Endowed in perpetuity by the Glenna Luschei Fund for Excellence

3:33 Sports Short #19 // Sixth Man by Nick Ripatrazone

Havlicek, McHale, Walton. Sundays meant 10:30 mass at Our Lady of Mercy, then our family cramped on living room couches, watching the NBA on CBS throughout the afternoon. The Celtics were our team, Boston Garden my home, and my dream was to step on that parquet. I hated the flashy Lakers. Jack Nicholson was an asshole in The Shining but he was even worse courtside. I preferred Bird and Parrish over Worthy and Johnson. I was raised to love the Celtics.

My father and brothers taught me about John Havlicek and his legendary steal against the 76ers. Havlicek proved that the bench had been given a bad name. My father, who played football at Holy Cross a few years after Bob Cousy played basketball, said Cousy thought the sixth man was the most important player on any team. While playing for the Celtics, Cousy’s sixth was Frank Ramsay; Tom Meschery called Ramsey “the first designed shooter off the bench in NBA history.” The Celtics considered the bench essential and necessary. Benches were meant to be deep, not thin; full of reserves, not rejects. Red Auerbach agreed, of course, and for me the Celtics have always been synonymous with planning and patience.

This was the opposite of my earliest memories of sport: Sunday afternoons watching my brother play football for the University of Delaware. 22 helmeted, shadowy figures hulking across faded hash marks, slow-motion effigies from NFL Films. Only years later did I discover the finely crafted, thick packets of Blue Hens plays in his bedroom closet. I grew to embrace the idea that sport was possibly more parts mind than body, that hustle needed to be complemented with knowledge. The sixth man was the ultimate synthesis: the not-so secret weapon, the fresh legs, the rested body.

The sixth man, at least for the Celtics, ensured the game was never finished until the final second disappeared from the clock. Yet the Celtics do not own the concept. John Wooden recruited players to specifically serve as sixth men. Mike Krzyzewski considers the Cameron Crazies Duke’s sixth man—as do most visiting teams. Slightly less intimidating is the “Sixth Man,” the fans at Stanford’s Maples Pavilion. The NBA gives the Sixth Man of the Year award, beginning in 1982 with Bobby Jones, an honor McHale, Ricky Pierce, and Detlef Schrempf have all won twice.

Havlicek is not the only sixth man to hold center stage. Whose dunk capped Kentucky’s 1978 NCAA championship over Duke? Sixth man James Lee. Sixth men evolve; Kobe Bryant was runner-up for the league’s award in 1998. He is no longer a sixth man. Bill Walton won the award in 1986; eight years prior he was MVP of the entire league. Sixth men also revert, but usually for good purpose.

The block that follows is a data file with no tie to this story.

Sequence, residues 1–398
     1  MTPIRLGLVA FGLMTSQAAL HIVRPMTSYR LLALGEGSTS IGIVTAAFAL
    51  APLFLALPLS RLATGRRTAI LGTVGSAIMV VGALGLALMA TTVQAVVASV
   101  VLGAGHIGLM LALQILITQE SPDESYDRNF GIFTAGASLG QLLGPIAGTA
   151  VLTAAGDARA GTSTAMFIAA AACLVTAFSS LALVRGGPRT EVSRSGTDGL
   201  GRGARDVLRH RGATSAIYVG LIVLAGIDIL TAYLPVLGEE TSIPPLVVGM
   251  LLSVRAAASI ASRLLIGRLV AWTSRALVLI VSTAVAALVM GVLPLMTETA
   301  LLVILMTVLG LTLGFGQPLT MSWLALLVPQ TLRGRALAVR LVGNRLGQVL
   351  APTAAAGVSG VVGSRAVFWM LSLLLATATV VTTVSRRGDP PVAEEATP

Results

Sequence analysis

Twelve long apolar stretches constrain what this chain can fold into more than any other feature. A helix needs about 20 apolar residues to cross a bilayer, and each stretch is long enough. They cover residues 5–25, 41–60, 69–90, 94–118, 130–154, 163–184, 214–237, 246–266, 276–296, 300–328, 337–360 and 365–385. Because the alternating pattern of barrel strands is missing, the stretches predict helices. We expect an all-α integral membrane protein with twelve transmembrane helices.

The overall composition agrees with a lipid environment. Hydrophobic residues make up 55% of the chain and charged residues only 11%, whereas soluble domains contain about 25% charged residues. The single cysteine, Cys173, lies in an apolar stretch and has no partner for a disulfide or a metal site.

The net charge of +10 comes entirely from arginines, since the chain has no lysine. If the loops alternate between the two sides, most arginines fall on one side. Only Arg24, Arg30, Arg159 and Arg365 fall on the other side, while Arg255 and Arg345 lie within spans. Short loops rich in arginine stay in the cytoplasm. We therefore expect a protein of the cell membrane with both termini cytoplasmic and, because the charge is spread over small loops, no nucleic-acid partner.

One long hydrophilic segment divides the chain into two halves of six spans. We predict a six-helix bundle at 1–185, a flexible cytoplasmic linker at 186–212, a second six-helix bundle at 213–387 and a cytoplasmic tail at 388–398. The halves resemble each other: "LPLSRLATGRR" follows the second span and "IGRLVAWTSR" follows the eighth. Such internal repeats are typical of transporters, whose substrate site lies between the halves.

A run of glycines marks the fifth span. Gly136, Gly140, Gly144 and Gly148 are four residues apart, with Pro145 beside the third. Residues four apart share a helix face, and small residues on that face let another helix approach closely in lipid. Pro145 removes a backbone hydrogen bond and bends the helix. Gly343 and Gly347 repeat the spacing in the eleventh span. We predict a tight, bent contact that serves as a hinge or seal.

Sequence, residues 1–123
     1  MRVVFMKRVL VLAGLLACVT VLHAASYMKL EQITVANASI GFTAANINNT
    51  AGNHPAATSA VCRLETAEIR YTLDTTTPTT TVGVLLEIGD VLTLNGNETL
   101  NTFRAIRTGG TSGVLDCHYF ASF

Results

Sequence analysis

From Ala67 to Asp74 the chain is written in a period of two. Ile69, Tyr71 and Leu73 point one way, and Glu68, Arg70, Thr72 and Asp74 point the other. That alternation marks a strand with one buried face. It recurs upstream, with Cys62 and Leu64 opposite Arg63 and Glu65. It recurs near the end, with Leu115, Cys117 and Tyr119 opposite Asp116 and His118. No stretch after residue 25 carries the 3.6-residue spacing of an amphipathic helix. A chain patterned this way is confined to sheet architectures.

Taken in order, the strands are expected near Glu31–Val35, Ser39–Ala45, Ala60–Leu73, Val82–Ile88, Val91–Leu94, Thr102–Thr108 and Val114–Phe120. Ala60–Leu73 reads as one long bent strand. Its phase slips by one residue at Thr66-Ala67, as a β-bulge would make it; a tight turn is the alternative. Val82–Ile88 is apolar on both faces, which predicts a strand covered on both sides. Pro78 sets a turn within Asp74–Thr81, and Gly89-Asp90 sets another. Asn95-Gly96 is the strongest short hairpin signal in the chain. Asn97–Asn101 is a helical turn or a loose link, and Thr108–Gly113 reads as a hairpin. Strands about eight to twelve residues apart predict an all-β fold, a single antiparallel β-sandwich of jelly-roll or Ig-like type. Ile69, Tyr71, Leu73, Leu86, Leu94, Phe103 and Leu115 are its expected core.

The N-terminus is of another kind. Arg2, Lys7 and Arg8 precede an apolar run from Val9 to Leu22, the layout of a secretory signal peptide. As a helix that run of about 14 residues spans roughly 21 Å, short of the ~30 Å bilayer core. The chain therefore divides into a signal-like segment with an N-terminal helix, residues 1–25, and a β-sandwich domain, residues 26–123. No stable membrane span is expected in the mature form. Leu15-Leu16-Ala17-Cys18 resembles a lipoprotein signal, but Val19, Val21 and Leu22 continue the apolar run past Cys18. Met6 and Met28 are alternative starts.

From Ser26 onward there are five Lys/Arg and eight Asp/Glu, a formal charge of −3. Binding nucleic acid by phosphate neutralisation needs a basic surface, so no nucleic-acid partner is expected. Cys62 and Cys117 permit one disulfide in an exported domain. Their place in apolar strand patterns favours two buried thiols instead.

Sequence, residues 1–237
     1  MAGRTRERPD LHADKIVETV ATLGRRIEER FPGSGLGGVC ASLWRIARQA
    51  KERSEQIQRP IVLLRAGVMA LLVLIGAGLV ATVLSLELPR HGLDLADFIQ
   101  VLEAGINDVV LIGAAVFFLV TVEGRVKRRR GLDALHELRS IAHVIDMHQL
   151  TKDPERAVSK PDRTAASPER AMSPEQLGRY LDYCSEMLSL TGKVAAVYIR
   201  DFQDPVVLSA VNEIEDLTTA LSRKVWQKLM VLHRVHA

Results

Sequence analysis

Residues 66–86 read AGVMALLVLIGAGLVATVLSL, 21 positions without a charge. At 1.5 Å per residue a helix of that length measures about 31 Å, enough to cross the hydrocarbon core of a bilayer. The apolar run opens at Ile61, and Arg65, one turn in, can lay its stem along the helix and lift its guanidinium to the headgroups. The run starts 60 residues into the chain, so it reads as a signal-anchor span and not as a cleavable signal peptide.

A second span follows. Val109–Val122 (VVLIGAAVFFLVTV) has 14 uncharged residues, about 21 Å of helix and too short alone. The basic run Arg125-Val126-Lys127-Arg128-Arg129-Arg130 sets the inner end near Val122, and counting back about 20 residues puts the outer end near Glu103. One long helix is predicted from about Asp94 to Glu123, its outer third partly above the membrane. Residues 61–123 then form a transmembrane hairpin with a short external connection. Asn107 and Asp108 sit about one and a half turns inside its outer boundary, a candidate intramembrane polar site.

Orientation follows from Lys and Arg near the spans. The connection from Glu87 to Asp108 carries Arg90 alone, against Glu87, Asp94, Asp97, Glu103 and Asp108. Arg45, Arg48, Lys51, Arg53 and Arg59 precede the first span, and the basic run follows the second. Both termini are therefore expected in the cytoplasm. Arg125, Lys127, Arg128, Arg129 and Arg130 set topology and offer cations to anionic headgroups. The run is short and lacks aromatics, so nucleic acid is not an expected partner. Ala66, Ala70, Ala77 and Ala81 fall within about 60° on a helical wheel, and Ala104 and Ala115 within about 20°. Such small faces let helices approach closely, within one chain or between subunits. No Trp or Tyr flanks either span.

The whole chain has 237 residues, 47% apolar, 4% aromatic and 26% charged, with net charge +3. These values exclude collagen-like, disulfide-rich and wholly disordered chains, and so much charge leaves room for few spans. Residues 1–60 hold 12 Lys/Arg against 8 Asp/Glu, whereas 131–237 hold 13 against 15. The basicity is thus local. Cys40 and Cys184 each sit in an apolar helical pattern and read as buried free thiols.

Poet Edward Hirsch has lamented that though “there is an enormous literature in American poetry related to baseball, because it’s pastoral,” much less exists about basketball. Hirsch is certainly aware of the Midwestern basketball archetype, from the cinematic Hoosiers to the storied grassroots teams from Kentucky and Indiana that reeled across panoramic screens at the Naismith Memorial Basketball Hall of Fame. Basketball, in fact, lives and breathes apocrypha: from Magic Johnson’s claims of shoveling a row of snow from his hoop in Lansing to the fact that no other sport sustains such a healthy pickup existence. The sixth man could, and should, be a romanticized archetype.

The Sixth Man (1996) is one of the movies Roger Ebert “hated, hated, hated,” nothing but a “paint-by-the-numbers sports movie.” The sixth man in the movie is the helpful ghost of a recently deceased player: supernatural bench assistance. Chris Ballard, in Hoops Nation, relates “The Sixth Man Club . . . a group of Boca [Raton] ballplayers, aged twenty-nine to forty-five, who gather at local gyms four times a week, all year round, to play no-bullshit basketball.” The sixth man is the ironic underdog: good enough to start, humble enough to sit. It is nice to have your name announced from the rafters during the opening lineup, but I doubt Kevin McHale cared. He seemed to play more than some starters and even Larry Bird gushed that the long-limbed McHale was essential to the Celtics’ championships during the decade. In basketball, five, it seems, is never enough.


Nick Ripatrazone is a staff writer for The Millions, and has written for The Atlantic, Esquire, The Sewanee Review, The Kenyon Review, Prairie Schooner, and elsewhere.

Categories: